Background & aims: Specific mutations in the adenomatous polyposis coli (APC) gene can lead to an attenuated form of familial adenomatous polyposis (AFAP). Although AFAP mutation carriers have a 69% risk of colorectal cancer by age 80, clinical recognition remains a challenge in some cases because they present with few colonic adenomas and are difficult to distinguish clinically from patients with sporadic polyps.
Methods: Family relationships were established using family history reports, the Utah Population Database, and the public records of the Mormon Church. Genetic analysis of representative family members was performed using a 10,000 single nucleotide polymorphism array platform. Colonoscopy data were available on 120 individuals with the AFAP mutation.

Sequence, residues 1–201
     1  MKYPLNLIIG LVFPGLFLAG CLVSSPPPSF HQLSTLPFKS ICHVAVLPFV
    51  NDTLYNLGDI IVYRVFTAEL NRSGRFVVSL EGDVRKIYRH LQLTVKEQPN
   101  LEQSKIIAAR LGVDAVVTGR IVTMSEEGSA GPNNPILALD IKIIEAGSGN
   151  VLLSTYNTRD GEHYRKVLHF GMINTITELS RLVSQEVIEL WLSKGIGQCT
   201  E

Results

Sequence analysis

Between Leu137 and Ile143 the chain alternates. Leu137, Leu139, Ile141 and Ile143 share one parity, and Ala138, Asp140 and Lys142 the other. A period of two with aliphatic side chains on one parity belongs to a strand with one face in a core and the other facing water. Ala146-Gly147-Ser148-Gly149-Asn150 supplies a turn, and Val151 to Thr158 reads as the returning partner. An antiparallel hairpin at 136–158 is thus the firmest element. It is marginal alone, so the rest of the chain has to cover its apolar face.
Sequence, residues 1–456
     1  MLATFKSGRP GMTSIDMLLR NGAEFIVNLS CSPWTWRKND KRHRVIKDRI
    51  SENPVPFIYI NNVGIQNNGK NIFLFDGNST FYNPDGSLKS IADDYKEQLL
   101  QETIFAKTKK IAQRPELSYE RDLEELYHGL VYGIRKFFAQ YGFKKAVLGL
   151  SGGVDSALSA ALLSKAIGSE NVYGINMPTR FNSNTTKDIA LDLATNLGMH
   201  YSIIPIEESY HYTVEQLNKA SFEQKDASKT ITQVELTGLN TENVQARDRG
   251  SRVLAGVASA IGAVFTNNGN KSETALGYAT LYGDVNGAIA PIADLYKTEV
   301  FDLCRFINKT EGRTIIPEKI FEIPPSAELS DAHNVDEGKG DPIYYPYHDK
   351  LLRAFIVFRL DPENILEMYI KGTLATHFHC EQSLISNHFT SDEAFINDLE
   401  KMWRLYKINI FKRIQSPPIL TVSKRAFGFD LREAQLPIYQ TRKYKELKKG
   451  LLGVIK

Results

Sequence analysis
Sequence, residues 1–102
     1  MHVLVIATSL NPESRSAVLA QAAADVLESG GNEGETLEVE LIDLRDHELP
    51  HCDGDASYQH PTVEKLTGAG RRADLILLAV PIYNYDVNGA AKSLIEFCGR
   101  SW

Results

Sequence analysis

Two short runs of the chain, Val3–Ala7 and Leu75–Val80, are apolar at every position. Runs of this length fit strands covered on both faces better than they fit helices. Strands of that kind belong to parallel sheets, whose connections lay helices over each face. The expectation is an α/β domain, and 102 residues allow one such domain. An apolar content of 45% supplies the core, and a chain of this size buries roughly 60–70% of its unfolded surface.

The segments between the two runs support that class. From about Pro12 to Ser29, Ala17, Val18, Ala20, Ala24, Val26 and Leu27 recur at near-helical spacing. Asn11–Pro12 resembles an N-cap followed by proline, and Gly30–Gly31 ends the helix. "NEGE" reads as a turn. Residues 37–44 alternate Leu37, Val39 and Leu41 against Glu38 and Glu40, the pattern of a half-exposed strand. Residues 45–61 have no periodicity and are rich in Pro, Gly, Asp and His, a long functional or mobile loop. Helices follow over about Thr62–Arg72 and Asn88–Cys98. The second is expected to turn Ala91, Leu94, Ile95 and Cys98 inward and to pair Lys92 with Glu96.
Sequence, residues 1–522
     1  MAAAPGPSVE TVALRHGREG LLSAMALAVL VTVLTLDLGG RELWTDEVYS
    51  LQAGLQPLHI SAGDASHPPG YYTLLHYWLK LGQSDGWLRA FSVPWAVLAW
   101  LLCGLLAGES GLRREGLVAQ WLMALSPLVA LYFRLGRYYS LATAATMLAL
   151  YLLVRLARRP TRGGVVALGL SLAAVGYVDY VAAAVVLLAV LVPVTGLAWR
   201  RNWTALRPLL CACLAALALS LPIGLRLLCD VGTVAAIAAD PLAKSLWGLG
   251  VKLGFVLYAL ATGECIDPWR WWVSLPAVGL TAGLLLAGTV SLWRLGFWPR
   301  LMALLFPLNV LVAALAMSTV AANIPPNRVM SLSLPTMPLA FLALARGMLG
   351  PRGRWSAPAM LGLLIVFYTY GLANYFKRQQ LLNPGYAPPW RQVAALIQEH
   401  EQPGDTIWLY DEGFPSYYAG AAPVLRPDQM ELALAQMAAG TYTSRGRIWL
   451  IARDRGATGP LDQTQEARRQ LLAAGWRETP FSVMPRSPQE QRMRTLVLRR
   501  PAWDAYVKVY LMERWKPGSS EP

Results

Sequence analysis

Results: Two large AFAP kindreds with the identical APC disease-causing mutation (c.426_427delAT) were linked to a founding couple who came to America from England around 1630. Genetic analysis showed that the 2 families share a conserved haplotype of 7.17 Mbp surrounding the mutant APC allele. The data show that 36.6% of the mutation-positive family members have fewer than 10 colonic adenomatous polyps, and 3 (6.8%) of these individuals were diagnosed with colorectal cancer.
Conclusions: In view of the apparent age of this mutation, a notable fraction of both multiple-adenoma patients and perhaps even colon cancer cases in the United States could be related to this founder mutation. The colon cancer risk associated with the mutation makes genetic testing of considerable importance in patients with a personal or family history of either colonic polyps or cancer at a young age.